India marks World Malaria Day 2020

19 July 2020 Posted by APMEN

As we know that COVID-19 pandemic is affecting the whole world. Since March 2020, we have all been inundated with what is happening all around the world on COVID-19. Clearly there is a lot that we don't know and the uncertainty weighs on all of us. Our hearts go out to everyone who has been impacted by the virus either directly or indirectly. At the same time, our hearts also go out to those at the front line, medical staff and care givers who put themselves at risk to do all it takes to serve others.

Government of India has taken various preventive and mitigating measures for the containment of Covid-19 epidemic in the country. In compliance to this Government of India  has done the nation-wide lockdown to slowdown the spread of corona virus. The corona virus crisis is disproportionately harming the millions of poor peoples, daily wages workers, migrant workers and homeless people etc. with a severe risk of being exposed to the disease and are also expected to bear a disproportionate brunt of the economic fallout of this unprecedented health emergency.

Due to the lockdown many people have lost their daily income and are forced to remain indoors. While some of them managed to purchase supplies, many are still unable to gather resources. Although the government has announced ration, these peoples may not have the required documents and cards to avail these benefits.

As Malaria No More India,  we were doing our part as an organization. We actively worked to provide support in the form of distributing cooked foods, dry rations, safety kits etc. in the community as a relief response to the pandemic in Delhi, Uttar Pradesh and Odisha States of the country.

World Malaria Day is observed on 25th April 2020 every year. OnWorld Malaria Day, Malaria No More lauds India’s efforts and consistent progress for working towards a malaria free India. Since India is highly endemic to the vector borne diseases, the Central and State Governments have collaboratively curbed the number of cases thereby reducing the socio-economic impact on the vulnerable sections.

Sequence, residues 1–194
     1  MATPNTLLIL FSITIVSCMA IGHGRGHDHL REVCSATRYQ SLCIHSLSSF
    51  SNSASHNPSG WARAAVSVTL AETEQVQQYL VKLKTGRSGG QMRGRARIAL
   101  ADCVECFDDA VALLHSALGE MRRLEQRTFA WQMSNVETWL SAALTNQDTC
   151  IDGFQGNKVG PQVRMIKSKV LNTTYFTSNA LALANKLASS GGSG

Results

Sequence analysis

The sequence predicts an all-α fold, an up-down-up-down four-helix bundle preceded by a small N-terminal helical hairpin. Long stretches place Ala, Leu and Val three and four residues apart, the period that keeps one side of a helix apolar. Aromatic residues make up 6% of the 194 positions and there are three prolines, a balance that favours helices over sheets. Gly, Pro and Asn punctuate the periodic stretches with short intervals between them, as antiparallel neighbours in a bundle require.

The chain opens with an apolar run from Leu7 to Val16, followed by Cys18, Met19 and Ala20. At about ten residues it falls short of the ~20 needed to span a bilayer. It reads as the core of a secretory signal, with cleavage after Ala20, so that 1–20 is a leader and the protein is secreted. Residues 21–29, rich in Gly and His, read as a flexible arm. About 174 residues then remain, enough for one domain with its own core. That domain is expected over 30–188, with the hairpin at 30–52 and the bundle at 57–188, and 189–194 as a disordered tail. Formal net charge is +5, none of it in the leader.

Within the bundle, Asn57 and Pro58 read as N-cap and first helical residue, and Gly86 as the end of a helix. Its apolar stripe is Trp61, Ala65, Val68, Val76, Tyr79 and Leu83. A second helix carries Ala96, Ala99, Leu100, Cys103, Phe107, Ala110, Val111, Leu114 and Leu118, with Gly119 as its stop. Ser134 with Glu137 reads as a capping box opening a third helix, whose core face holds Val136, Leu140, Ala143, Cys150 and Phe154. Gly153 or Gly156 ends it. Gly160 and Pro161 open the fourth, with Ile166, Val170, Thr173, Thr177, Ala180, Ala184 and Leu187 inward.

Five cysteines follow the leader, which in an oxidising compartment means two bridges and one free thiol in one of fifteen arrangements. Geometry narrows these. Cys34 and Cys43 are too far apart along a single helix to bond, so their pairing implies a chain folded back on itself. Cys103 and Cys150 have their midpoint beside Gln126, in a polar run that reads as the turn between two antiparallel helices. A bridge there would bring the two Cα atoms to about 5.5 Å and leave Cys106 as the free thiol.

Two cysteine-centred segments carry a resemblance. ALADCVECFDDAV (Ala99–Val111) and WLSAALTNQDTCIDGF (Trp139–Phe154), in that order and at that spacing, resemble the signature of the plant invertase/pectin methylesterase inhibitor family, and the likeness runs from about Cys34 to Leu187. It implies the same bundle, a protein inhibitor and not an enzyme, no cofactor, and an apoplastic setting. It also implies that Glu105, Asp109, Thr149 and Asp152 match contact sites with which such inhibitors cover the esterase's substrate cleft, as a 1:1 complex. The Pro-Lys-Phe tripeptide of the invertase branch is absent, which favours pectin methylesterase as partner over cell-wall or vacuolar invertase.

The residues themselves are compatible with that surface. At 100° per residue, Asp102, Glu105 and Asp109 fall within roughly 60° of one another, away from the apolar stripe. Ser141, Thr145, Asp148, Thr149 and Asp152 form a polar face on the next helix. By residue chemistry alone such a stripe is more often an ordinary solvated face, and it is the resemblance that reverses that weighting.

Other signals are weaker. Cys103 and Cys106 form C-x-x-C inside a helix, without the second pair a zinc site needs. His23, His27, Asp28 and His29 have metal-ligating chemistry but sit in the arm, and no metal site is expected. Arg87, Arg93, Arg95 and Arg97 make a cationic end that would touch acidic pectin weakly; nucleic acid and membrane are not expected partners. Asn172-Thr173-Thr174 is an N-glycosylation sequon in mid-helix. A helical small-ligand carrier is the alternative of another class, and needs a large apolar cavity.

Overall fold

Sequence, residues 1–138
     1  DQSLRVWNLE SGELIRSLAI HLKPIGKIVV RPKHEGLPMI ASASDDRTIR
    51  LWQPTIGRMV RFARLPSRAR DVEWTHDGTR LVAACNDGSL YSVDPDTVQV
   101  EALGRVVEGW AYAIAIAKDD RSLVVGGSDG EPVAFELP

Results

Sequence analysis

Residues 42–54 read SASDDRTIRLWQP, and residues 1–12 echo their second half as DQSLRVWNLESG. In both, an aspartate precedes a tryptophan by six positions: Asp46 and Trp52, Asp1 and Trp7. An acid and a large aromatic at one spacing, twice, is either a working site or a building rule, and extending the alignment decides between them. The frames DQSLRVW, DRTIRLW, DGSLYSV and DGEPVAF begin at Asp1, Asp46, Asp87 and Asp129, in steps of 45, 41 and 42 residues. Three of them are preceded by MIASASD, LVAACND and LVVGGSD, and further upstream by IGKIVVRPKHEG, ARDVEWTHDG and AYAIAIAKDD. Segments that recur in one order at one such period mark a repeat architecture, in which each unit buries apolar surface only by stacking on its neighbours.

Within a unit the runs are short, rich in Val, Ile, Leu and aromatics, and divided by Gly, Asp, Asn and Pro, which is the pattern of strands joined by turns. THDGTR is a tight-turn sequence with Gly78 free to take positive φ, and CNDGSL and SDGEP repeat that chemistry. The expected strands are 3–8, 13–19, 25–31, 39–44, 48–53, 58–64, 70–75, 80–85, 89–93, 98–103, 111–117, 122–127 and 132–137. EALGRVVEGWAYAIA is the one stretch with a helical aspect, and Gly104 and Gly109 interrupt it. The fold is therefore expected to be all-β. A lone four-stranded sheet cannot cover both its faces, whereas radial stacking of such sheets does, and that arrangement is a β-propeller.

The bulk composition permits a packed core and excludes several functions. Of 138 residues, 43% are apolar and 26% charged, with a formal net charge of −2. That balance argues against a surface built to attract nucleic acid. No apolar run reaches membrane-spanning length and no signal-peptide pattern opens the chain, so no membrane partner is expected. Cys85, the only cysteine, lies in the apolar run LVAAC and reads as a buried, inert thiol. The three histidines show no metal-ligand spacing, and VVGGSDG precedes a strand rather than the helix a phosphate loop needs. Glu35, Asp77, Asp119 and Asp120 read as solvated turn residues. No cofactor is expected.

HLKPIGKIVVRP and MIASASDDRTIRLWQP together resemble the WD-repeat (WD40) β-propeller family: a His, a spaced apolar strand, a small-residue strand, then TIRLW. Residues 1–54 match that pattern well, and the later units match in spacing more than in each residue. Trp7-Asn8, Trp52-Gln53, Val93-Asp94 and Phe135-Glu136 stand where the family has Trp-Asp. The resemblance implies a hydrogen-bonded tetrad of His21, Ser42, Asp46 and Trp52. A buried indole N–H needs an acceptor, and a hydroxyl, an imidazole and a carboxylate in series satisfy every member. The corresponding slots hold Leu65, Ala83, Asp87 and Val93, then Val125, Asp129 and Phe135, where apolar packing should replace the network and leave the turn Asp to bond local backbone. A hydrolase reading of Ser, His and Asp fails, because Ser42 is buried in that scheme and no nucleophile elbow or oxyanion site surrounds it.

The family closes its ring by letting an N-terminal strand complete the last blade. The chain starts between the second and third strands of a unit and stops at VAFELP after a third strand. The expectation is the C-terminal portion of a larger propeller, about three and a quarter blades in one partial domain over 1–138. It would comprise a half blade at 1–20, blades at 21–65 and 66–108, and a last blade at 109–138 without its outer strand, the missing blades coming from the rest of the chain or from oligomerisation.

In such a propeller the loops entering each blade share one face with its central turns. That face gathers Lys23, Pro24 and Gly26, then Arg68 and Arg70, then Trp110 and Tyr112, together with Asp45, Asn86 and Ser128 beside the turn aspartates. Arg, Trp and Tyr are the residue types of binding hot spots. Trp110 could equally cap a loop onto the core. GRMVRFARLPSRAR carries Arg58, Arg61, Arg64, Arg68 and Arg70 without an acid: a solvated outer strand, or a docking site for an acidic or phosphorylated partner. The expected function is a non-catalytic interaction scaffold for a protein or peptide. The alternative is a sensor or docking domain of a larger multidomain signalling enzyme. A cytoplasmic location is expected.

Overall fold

This year coronavirus pandemic is irrefutably one of the most tragic and disruptive events of this millennium. Covid-19 has cost thousands of lives across the globe and has brought the world to a screeching halt. One of the areas of concern here is about balancing India’s current coronavirus-related public health priorities and maintaining functioning of existing health programmes.

Malaria is one of those crucial public health priorities for India. In pre-monsoon season, India can’t afford to forget about malaria. Even during the coronavirus pandemic. In the pre-monsoon season, India cannot forget about malaria even during the coronavirus epidemic.

Measures such as mass-screening camps, sanitation, vector control, and fogging play a crucial role in limiting malaria’s potential in monsoon. However, these may face a setback given our workforce’s current involvement to tackle Covid-19. For example, the majority of municipal staff – including domestic mosquito breeding checkers – who usually perform sanitation work are now consumed with activities such as contact tracing for Covid-19 cases. This has already resulted in an increase in mosquitoes in some areas in Delhi, among other regions.

Speaking on the concerns, Dr. Gaikwad said “Our health and essential workforce is working remarkably to limit COVID’s potential in India, but as India prepares to enter monsoon in a few weeks and upsurge in mosquitoes is already getting reported, it’s crucial that we strategize in a way that also keeps malaria in control. This will be important in ensuring that our health system won’t also get swamped with people with malaria, and COVID is dealt with appropriately”

Continuous rise in Covid-19 cases can change India's priority, but intensive control of mosquito breeding grounds (sites), which is required during these critical months, may be affected. While this pandemic is a painfully bizarre experience and a pressing new priority to deal with, it’s important that existing public health issues are not kept on the backburner during these times. Malaria has wreaked havoc on Indian society over the years.

Submitted by Manisha Gautam, Communications Lead – Malaria No More India

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